Coast Guard defends policy

Low-priority ships given notice of searches


WASHINGTON -- The Coast Guard said yesterday that in situations where the likelihood of security threats is considered low, it sometimes alerts captains of arriving ships of an impending search.

The practice is meant to reduce delays and the expense of paying workers to wait unnecessarily to unload cargo, it said.

The Coast Guard has a system for setting search priorities, officials said, which results in some ships being searched with little or no notice.

Coast Guard officials were responding to a story in The New York Times on yesterday that questioned the policy of notifying ships before a search.

Officials discounted the notion that every search must be a surprise to be effective. "Sometimes we will board low-priority ships," said Coast Guard Lt. Tony Migliorini, a spokesman for the Los Angeles-Long Beach sector. "We are trying to assist them. It does not hamper our security mission, because we will be able to search where we need to search regardless."

"Twenty-four hours is the maximum amount of warning that we give. Sometimes we give them just a few minutes. Sometimes it's a few hours.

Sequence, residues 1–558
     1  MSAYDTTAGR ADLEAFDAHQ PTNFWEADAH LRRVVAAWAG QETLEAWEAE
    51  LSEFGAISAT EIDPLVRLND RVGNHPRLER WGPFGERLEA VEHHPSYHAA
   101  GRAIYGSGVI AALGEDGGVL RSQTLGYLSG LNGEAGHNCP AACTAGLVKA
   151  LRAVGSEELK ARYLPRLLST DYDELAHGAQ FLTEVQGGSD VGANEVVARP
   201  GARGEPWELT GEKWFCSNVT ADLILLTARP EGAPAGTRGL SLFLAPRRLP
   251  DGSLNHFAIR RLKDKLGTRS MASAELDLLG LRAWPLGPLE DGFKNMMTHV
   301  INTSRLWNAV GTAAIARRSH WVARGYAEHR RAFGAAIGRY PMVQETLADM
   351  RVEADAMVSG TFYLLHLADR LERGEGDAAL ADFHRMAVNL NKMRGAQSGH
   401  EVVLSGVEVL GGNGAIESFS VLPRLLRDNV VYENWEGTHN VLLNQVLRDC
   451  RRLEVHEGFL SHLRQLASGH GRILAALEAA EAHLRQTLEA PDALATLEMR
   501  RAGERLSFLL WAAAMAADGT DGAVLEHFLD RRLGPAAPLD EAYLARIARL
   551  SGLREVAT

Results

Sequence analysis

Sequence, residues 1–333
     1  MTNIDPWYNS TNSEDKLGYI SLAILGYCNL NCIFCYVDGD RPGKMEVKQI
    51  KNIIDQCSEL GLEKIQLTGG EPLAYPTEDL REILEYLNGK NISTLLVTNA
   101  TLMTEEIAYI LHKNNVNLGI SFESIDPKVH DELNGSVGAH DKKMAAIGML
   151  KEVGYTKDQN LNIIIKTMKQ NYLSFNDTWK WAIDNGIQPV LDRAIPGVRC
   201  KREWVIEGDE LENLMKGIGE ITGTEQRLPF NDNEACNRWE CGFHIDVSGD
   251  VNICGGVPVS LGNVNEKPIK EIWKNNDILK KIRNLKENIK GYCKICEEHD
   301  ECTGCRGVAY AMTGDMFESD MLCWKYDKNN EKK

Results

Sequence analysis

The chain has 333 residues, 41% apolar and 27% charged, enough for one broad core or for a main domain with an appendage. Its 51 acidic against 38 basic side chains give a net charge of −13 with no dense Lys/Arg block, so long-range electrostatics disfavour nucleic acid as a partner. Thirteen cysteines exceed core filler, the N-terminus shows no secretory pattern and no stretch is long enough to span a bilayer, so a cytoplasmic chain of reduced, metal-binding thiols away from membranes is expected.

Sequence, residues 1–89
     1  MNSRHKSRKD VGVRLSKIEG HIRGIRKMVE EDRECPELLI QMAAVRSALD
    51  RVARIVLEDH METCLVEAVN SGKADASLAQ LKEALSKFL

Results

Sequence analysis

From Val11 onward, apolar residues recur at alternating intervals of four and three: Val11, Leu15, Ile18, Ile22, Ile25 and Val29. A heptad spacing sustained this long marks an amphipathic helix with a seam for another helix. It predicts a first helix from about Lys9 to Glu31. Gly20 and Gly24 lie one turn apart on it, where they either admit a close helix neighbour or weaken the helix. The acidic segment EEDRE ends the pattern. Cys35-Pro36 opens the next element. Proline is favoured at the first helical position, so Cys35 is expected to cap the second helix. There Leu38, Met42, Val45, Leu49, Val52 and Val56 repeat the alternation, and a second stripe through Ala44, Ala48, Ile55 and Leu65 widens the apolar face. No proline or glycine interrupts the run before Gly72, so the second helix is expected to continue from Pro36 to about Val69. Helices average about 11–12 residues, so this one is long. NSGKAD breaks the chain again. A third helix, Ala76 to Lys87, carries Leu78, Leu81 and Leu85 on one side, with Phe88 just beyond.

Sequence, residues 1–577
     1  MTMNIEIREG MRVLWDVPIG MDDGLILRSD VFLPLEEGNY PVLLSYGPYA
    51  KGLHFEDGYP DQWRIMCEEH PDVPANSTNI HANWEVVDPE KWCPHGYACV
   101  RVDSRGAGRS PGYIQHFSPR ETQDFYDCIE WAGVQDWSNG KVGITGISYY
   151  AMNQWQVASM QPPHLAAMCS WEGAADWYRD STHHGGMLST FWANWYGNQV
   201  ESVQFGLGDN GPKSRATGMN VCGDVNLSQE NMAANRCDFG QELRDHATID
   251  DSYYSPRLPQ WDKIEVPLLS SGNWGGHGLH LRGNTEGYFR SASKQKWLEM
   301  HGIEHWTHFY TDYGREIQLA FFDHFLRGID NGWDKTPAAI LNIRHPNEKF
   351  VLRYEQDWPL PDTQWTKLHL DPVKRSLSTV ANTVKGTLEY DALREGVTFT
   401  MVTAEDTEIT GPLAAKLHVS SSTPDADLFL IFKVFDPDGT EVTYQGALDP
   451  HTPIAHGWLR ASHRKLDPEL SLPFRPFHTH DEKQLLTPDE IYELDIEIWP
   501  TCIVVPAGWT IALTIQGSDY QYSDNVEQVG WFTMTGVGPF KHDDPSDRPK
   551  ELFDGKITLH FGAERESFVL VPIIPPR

"This has been our process since 9/11," Migliorini said.

Usually, the ships are searched at sea when they are nearing port, officials said.

A full search may delay its arrival by hours or as much as a day, they said. A boarding party from the Coast Guard may go aboard to check the crew and the cargo, sometimes with the use of bomb-sniffing dogs.

Since the Sept. 11 attacks, the Coast Guard has stepped up its searches of ships entering U.S. ports, but officials emphasized that the Coast Guard has a variety of reasons for checking inbound vessels, not all of them related to security.

"The mission objective of each foreign vessel examination or boarding is carefully measured to accomplish an achievable end. This mission objective might be enhanced by the withholding of information from ship management or by the sharing of information with ship management," Cmdr. Paul D. Thorne, chief of the Coast Guard's Foreign and Offshore Vessels Division, said in a statement issued yesterday.

"The discretion of information sharing is largely, but not solely, within the hands of the captain of the port and may not present a uniformity on a national scale," the statement said.

Federal officials responsible for port security have long sought to develop systems for focusing on likely threats and at the same time identifying shippers that appear to pose relatively low threats. They have also acknowledged that it was not feasible to disrupt the transportation system on which major segments of the U.S. economy depend.

In striking this balance, officials indicated, they try to avoid imposing additional costs and delays on shippers when security concerns are low.

One such effort involves reducing dockside costs that can be increased by a surprise search.

"The longshoremen are union, and as soon as they show up, they start getting paid. So the shipping lines are shelling out money," Long Beach Coast Guard spokesman Migliorini said.

"There is a great relationship between industry and the Coast Guard," added Chief Daniel Tremper, a Coast Guard spokesman in Washington.

David Savage writes for the Los Angeles Times.

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